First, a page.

The other track focused on dispute settlement cases at the WTO.  We brought 27 cases against China, including some I litigated myself, and through collaboration with our allies.  We secured victories in every case that was decided.  Still, even when China changed the specific practices we challenged, it did not change the underlying policies, and meaningful reforms by China remained elusive.  

In recent years, China’s leaders have doubled-down on their state-centric economic model. 

Faced with the reality that neither the dialogue nor the enforcement tracks were producing meaningful changes, the previous administration decided to use a different paradigm – unilateral U.S. pressure – to try to change Beijing’s practices.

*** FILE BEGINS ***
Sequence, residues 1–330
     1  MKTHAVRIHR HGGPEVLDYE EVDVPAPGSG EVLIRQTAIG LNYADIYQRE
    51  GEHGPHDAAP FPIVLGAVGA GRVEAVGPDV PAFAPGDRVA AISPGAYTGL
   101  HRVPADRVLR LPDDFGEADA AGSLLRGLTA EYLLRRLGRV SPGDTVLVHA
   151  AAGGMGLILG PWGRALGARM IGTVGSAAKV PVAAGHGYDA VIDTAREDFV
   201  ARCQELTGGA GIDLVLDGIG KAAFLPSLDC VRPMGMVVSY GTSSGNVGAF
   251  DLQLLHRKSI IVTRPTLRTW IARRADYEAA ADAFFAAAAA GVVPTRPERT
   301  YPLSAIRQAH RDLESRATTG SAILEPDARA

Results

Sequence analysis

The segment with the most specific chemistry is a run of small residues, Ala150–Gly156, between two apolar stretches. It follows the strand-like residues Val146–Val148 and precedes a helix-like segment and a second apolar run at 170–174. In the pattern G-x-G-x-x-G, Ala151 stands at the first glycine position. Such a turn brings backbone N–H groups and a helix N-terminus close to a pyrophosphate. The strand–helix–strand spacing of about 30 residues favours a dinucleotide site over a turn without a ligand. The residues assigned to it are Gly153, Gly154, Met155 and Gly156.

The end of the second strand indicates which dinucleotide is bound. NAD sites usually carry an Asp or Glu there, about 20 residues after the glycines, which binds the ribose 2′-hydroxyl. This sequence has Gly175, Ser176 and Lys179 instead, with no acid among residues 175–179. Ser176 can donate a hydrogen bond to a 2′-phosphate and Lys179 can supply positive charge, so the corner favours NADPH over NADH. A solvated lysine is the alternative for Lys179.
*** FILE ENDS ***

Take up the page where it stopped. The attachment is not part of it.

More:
It launched an investigation focused on China’s forced IP and technology transfer policies – longstanding and serious problems.  This led to substantial U.S. tariffs on imports from China – and retaliation by China.  Against this backdrop of rising tensions, in January 2020, the previous administration and China agreed to what is commonly referred to as the “Phase One Agreement.”  

This agreement includes a limited set of commitments.  These cover China’s obligations regarding intellectual property and technology transfer, purchases of American products, and improved market access for the agriculture and financial services sectors.  

It has stabilized the market, especially for U.S. agricultural exports. But our analysis indicates that while commitments in certain areas have been met, and certain business interests have seen benefits, there have been shortfalls in others.